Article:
Logical consequences are the scarecrows of fools and the beacons of wise men.
T. H. Huxley – 1881
Three men are passing a camera hand to hand, moving through doorways and interior spaces. Who is ‘cameraman’, who is ‘actor’, who is ‘director’?
Three pairs of hands are pressing and plucking at a musical instrument. The faces of the players are not seen. On a second screen, the same hands strike and stroke another instrument. On a third, the same. Is this a ‘trio’? A trio of trios? Which one is the ‘musician’?
Sit. Enjoy. And spend a moment wondering who made the chair that supports you in that familiar but rarely examined posture, half-passive, half-pilot. Was it the sculptor who made it, as seems logical given our contemporary micro-specialisation, or was it a collaboration between all three?
Some of these questions are some way down the line; some are more immediate, for Scarecrows & Lighthouses is a multi-part art project involving a visual artist, a musician and a filmmaker. It explores the nature of what the OED defines succinctly as ‘united labour’. It is not a ‘meditation on collaboration’, has no single guiding principle and no absolute destination. And yet it is not merely a seminar of idealists but a practical and hands-on experience in which each artist enters the world and the methods of his fellow-participants, adopting/adapting their methods and philosophies on equal terms, bringing his own languages and techniques.
Sculptor Martin Boyce, saxophonist Raymond MacDonald and director David Mackenzie have known each other and in two cases worked together for some time, but never before as a trio. For the last eighteen months, they have made seemingly random forays out into the world, to Baalbeck in Lebanon, to Paris, and to the island of Barra, a three man pod of creative hunger, experimenting with role play, with notions of travel, work, identity and specialisation, sucking up a plankton of aesthetic experience. Each collaborator was required to set aside some basic assumptions and to adopt new ways of creative thinking and doing. Film is of necessity collaborative and largely pre-planned. Improvised music has by definition no fixed agenda. Sculpture requires that a physical object eventually exists in a particular space and with particular relation to walls, floor, windows. But what if all these principles are thrown in together, none given priority or determinate value, and allowed to rub up together without boundaries or set roles.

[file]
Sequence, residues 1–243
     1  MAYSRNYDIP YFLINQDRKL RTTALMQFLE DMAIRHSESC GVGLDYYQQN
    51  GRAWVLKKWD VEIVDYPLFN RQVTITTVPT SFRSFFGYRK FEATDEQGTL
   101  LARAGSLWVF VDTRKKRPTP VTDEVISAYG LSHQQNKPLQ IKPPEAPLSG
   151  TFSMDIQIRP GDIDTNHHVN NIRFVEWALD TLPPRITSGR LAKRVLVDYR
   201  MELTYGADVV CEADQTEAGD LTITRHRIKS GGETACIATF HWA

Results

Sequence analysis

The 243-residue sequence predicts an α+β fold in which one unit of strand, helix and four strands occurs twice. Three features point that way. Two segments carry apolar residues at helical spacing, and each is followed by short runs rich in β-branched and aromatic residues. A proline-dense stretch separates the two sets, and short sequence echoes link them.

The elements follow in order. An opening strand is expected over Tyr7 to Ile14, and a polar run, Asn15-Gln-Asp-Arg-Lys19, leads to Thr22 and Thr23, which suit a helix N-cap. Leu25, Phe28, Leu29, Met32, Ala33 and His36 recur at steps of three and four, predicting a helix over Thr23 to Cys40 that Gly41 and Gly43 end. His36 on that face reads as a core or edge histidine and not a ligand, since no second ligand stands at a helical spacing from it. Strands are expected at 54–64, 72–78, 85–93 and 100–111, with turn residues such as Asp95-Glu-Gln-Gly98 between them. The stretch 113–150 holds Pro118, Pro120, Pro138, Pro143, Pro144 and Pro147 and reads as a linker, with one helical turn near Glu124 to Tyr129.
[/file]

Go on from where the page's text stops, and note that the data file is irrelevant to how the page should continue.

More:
There will be a playful atmosphere in Tramway when Martin Boyce, Raymond MacDonald and David Mackenzie open up their collaboration for the first time and as the first part of a project that will continue through 2012, returning to Tramway in October. Not so much a bonfire of the vanities as a party for the senses.
Part one is called Scarecrows. Think what happens when you throw a few old clothes on a cross of sticks. It is both you and not you, something that is both identifiably human and obviously an illusion. The birds are not frightened away but come and perch. Here is what happens when you swap artistic and professional attire, not in order to play media charades, but to see what lies underneath. There is no ego left inside, just simple constructions, logical consequences that may be followed or just as likely abandoned, improvised moments and encounters. There is ‘music’, ‘film’ and ‘sculpture’, but they don’t need those uniforms any more. Sit. Watch. Listen. Dance if you will. There’s nothing to be afraid of.